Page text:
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The proof is in the printing

Spent a couple of hours at ChromaSurge in Calgary yesterday morning.  This is a small business print shop that handles all of my canvas and matted paper prints.  Kelly (the owner) was recommended to me by another Canmore artist.

There’s a lot to learn about printing, even when you’re not doing it yourself.  There are so many different types of machines, canvas, paper, coating, stretcher materials, and frames.  As I have no interest in trying to be a jack of all trades, I don’t do any of my own printing.  Recently, my printer (the guy, not the machine) bought some new equipment, canvas, paper, and inks.  Part of me, the part that doesn’t like change, was thinking, “Hey, my prints looked great, why are you messing with the formula?!”

The other part of me, however, was thinking, “He who refuses to adapt, dies!”

That is true of so many professions these days, and I plan to be doing this for a long time.   I made an appointment with the printer (again, the guy, not the machine) to reproof all of my current prints, and set to seeing how I could make them better on my end, in preparation for them being better when they came out of the printer.  One of the things I noticed with my prints was that some of the shadows were a little too dark, not something many people would notice, but when you spend as much time painting the details as I do, you don’t want to see them lost.  So I lightened them all up a bit, just some simple adjustments in Photoshop.  The lighter versions don’t look the way I want them to on the screen, but they look just right on paper.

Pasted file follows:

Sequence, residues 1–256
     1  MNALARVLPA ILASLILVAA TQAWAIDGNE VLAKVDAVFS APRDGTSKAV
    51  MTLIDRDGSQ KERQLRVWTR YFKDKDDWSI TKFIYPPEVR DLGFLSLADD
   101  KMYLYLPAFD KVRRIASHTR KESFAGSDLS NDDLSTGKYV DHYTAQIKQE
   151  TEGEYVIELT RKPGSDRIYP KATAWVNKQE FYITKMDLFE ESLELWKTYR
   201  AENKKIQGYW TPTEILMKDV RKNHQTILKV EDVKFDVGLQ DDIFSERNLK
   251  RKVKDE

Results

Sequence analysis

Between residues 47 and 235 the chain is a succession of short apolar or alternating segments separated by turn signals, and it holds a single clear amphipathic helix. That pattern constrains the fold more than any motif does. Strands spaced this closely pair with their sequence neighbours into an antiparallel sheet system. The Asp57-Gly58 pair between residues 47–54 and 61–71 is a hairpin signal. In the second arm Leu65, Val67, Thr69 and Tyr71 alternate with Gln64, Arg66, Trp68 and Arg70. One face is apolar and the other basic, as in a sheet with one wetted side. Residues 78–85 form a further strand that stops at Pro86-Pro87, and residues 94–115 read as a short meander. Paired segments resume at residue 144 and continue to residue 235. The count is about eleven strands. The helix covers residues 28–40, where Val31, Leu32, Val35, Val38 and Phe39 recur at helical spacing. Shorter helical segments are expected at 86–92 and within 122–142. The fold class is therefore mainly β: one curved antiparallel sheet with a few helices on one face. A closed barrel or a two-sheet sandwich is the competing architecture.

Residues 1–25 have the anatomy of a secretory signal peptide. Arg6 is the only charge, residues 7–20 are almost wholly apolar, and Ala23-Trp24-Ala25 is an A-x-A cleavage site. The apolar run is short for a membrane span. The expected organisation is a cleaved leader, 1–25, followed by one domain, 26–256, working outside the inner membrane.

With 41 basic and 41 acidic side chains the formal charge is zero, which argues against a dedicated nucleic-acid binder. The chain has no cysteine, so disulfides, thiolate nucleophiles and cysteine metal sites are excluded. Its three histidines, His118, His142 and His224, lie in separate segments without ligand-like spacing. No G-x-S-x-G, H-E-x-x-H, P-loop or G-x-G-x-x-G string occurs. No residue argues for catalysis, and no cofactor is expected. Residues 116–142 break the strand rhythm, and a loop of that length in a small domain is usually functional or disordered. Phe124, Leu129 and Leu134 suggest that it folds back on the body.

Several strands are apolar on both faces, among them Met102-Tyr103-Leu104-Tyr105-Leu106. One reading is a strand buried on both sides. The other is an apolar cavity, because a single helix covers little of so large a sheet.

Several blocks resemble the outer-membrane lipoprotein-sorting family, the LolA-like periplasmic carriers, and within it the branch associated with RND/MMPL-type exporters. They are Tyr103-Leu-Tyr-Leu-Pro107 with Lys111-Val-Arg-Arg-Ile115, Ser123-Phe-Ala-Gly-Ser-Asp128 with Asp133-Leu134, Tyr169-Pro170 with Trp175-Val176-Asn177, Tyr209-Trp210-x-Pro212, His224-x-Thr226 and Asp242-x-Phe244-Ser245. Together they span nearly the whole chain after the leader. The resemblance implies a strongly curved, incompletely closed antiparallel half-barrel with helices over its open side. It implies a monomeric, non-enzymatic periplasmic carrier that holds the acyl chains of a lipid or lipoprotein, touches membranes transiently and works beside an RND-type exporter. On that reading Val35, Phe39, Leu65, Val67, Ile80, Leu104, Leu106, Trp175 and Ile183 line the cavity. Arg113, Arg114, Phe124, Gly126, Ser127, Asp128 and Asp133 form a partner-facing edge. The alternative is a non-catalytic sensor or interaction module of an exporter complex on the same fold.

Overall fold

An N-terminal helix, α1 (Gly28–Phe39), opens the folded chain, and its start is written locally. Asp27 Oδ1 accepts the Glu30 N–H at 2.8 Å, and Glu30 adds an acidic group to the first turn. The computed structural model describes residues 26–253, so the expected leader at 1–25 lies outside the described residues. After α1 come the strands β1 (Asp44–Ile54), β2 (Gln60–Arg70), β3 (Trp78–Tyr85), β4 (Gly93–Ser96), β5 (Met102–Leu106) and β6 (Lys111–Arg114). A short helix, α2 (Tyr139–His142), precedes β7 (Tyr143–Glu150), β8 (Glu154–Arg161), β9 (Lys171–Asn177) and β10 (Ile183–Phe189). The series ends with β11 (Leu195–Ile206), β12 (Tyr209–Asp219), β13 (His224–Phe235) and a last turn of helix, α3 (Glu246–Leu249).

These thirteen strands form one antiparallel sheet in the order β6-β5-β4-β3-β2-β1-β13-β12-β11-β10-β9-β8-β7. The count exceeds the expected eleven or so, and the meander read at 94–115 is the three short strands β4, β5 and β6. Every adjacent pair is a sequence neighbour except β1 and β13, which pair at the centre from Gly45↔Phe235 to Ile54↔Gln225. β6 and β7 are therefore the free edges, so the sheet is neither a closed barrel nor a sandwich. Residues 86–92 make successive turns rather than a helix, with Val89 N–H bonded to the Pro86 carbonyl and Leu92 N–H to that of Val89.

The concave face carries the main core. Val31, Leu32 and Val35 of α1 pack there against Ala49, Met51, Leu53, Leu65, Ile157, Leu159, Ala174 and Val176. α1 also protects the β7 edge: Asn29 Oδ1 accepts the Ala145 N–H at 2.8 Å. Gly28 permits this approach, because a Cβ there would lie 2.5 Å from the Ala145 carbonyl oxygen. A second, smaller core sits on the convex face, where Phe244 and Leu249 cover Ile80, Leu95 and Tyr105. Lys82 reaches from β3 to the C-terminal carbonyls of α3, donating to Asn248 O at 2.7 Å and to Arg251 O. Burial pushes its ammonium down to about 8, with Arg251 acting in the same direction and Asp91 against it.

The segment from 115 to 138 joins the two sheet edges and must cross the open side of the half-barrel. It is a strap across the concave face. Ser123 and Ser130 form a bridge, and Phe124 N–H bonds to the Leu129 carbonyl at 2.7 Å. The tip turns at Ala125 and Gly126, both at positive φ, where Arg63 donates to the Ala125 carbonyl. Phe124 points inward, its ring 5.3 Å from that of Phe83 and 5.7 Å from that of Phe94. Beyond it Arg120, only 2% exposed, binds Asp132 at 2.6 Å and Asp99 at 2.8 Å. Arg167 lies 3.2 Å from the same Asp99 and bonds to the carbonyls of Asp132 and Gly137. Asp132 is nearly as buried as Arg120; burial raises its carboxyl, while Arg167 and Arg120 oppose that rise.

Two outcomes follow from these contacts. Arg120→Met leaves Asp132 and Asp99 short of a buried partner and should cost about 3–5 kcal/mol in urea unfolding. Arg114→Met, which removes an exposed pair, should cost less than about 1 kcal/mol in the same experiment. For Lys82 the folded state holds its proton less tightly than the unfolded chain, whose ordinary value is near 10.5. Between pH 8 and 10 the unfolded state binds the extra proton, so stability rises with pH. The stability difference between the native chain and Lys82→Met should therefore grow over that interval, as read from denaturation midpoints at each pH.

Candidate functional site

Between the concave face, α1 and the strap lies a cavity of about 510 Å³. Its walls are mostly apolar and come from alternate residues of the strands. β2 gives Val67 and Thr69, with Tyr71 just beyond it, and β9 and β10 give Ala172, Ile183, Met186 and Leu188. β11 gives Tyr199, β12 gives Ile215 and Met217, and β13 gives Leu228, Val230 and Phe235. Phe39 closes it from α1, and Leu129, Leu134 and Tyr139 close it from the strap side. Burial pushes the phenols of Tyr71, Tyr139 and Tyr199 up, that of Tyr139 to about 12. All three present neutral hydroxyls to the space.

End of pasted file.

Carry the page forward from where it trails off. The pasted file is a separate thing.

Many digital artists and photographers become frustrated that their images don’t look the same in print as they do on their screen.  No matter what they do, they can’t make it happen.  Even with a professional color calibrator, the right printer profiles, and technical adjustments up the wazoo, it never quite gets there.  The reason is that a screen is back-lit while paper and canvas are not.  Therein lies the difference and it’s a HUGE difference.  Took me years to make peace with that.

As in all things, you do your best, and you make compromises.  You get your images to look as good as you possibly can and let go of perfection.  Those of you who know me well probably don’t believe I can do that when it comes to my paintings, but when it comes to prints, I actually can.  I know that nobody sees the imperfections the way I do when it comes to my own work, and that’s true of almost every artist I know.  We’re our own worst critics.  That’s a good thing, because it means you’re always going to try to become better at what you do.

One of the ways I try to compensate for the back-lighting  issue while painting digitally is that I have two monitors.  For Photoshop, one is my painting screen, and the other is for all of my tool palettes.  My Wacom pen is set to just go between them, so it actually acts like one big monitor.  The painting monitor is calibrated.  I use the Eye-One calibrator but there are others out there just as good.  The brightness on the monitor is also set to 13.  Yes, that’s 13 out of a possible 100.  If that seems way too low, trust me, you get used to it.  It minimizes eye strain for long periods of computer work, and also allows me to paint in more subtle shades and tones because I’m not dealing with harsh contrast.   When a painting or cartoon is done and looks good, I’ll often move it over to the other monitor, which is set a lot brighter and is NOT calibrated.  This way, I know how it’s going to look on other screens.

It’s a cheat, and one that works very well for me.  Because of working this way, there is much less of a screen vs. print shock.